The Angels knew they wouldn't be able to outslug the Yankees in their first-round playoff series, but they hoped to use their speed and aggressiveness and manufacture runs.
It's a problematic approach if there is a dearth of baserunners and, with their seven hits being scattered throughout nine innings Tuesday, there was little from which to build and it resulted in a 4-2 loss to open the best-of-five American League Division Series.
And while they kept the Yankees in the yard, the Angels couldn't prevent one of baseball's best lineups from putting together a confidence-sapping early rally to open a 4-0 lead in the top of the second inning.
Even Bartolo Colon couldn't deliver a win, so now the Angels find themselves down in a short series and will be looking for a way to generate some offense beginning with Game 2 here on Wednesday night. Counting their early exit from the playoffs a year ago, Tuesday was the Angels' fourth straight loss in the postseason and the fifth consecutive playoff series they've opened with a loss.
"This is a team that is always aggressive, on the bases and at the plate, but they took a lot out of us tonight," said shortstop Orlando Cabrera, who singled in the first inning. "They took the momentum and we couldn't get it back."
The Angels' top five hitters went 3-for-19, managing just three singles, and had only three at-bats with runners in scoring position, going 1-for-3. Darin Erstad's one-out RBI single in the ninth and Bengie Molina's seventh-inning homer made the final score appear closer than the game actually was.
The Angels got more production from the bottom end than the top, with Juan Rivera going 2-for-3 on the night and Steve Finley hitting a double. But the offense that took the field Tuesday looked more like the lineup that struggled in several spots during the regular season and not the one that got the timely hits down the stretch when they finished with 12 wins in their last 14 games.
"Early runs are big in this series. They jumped on us early and they pitched well after that," manager Mike Scioscia said. "We're going to have to do a better job offensively."
Taking the hill Tuesday was the club ace, and Colon looked the part while getting two quick outs. But the Yankees strung together three successive line singles to right by Jason Giambi, Gary Sheffield and Hideki Matsui to load the bases. Robinson Cano then knocked in three runs when he poked a double the opposite way over left fielder Garret Anderson's head and the Yankees opened with a 3-0 lead.
Thinking Cano would not drive the ball to left, the Angels positioned Anderson at a middle depth and the sharply hit liner continued to rise, allowing the left fielder little choice but to reach up and make chase.
"In general, there are not too many left-handed hitters that drive the ball to left in this ballpark," said coach Ron Roenicke, who positions the outfielders. "I'd rather him play for the line drive, but if a guy smokes it and hits it on a line, there is not much you can do."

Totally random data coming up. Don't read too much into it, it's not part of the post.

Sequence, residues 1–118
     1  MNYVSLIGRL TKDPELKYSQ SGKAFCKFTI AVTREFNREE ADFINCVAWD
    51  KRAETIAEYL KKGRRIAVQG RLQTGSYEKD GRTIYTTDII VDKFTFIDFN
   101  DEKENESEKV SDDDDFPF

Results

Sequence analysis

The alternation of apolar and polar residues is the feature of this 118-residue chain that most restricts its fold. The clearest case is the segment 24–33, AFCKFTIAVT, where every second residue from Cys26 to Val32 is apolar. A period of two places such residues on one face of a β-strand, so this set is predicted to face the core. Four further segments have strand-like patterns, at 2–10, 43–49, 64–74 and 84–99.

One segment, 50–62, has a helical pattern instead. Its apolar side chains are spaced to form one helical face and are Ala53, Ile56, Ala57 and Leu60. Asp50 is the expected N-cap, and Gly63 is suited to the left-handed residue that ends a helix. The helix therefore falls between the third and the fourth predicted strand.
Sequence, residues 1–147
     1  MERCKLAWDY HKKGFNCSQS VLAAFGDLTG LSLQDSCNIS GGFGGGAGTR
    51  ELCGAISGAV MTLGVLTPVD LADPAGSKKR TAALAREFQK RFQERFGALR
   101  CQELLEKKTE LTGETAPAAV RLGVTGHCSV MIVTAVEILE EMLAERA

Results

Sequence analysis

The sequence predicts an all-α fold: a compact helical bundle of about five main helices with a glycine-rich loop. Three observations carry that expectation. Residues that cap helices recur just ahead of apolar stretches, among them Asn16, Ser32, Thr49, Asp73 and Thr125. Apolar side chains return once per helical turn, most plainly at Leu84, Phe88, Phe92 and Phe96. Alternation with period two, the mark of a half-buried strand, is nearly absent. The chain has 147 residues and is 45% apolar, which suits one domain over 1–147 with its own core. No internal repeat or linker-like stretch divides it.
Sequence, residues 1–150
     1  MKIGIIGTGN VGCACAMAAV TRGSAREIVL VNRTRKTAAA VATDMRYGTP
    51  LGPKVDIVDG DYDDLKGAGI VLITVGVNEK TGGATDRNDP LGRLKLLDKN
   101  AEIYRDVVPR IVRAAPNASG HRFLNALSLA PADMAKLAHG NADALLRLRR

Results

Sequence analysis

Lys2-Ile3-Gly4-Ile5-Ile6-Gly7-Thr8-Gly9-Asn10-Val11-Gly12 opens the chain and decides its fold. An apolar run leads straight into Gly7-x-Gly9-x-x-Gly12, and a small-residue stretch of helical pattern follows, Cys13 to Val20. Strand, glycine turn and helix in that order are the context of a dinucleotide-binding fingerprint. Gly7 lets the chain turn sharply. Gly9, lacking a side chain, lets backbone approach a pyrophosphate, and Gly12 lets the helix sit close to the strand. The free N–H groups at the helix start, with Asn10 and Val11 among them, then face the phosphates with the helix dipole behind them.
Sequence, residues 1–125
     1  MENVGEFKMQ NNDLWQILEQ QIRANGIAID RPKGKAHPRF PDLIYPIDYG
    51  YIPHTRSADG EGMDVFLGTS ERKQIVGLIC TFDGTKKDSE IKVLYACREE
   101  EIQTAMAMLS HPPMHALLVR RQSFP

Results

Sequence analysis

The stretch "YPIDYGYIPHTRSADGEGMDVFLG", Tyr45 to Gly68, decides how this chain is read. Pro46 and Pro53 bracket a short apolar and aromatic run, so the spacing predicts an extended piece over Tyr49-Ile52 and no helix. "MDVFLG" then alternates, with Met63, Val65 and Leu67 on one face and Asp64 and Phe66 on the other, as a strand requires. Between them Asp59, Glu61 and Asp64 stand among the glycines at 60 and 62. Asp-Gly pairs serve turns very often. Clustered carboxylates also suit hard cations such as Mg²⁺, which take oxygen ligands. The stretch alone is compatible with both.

Colon settled down to record a pair of strikeouts to open the second, but the Yankees once again generated a two-out rally. Derek Jeter flared a base hit to right and Colon then drilled Alex Rodriguez with a pitch, hitting the Yankees third baseman on his left side. Rodriguez fell to the ground in pain, but after a couple of minutes, he went to first.
Giambi followed with an RBI double to right and the Yankees took a 4-0 lead.
"Against any club, particularly a club like the Yankees have, you have to finish innings," Scioscia said. "You have to finish hitters; you have to finish innings. [Colon] started off the first couple of innings really sharp and he was making pitches. He just couldn't put Matsui away and then obviously Cano hit the ball over Anderson's head with two strikes."
Colon (0-1) allowed eight hits on the night while walking one and striking out six to take the loss.
Staring up at an early deficit, what offense the Angels did produce they couldn't translate into runs. Rivera singled to right off Yankees starter Mike Mussina with two out in the second and Finley pulled a double into the right-field corner. Rivera would have scored easily, but the ball hopped the wall for a ground-rule double to hold Rivera at third. Adam Kennedy's fly ball to left ended the inning.
As Colon struggled, Mussina excelled, limiting the Angels to five hits over 5 2/3 innings. The Yankees right-hander had little trouble on the night and was extended in just the second, when the Angels put runners at second and third with two out. Mussina (1-0) did not walk a batter while striking out four to pick up the win, his seventh in 19 career postseason starts.
"He shut us down; he got command of his pitches, every single one of them," Cabrera said. "He's been around for a long time and his command was pretty good tonight."
Mike Scarr is a reporter for MLB.com. This story was not subject to the approval of Major League Baseball or its clubs.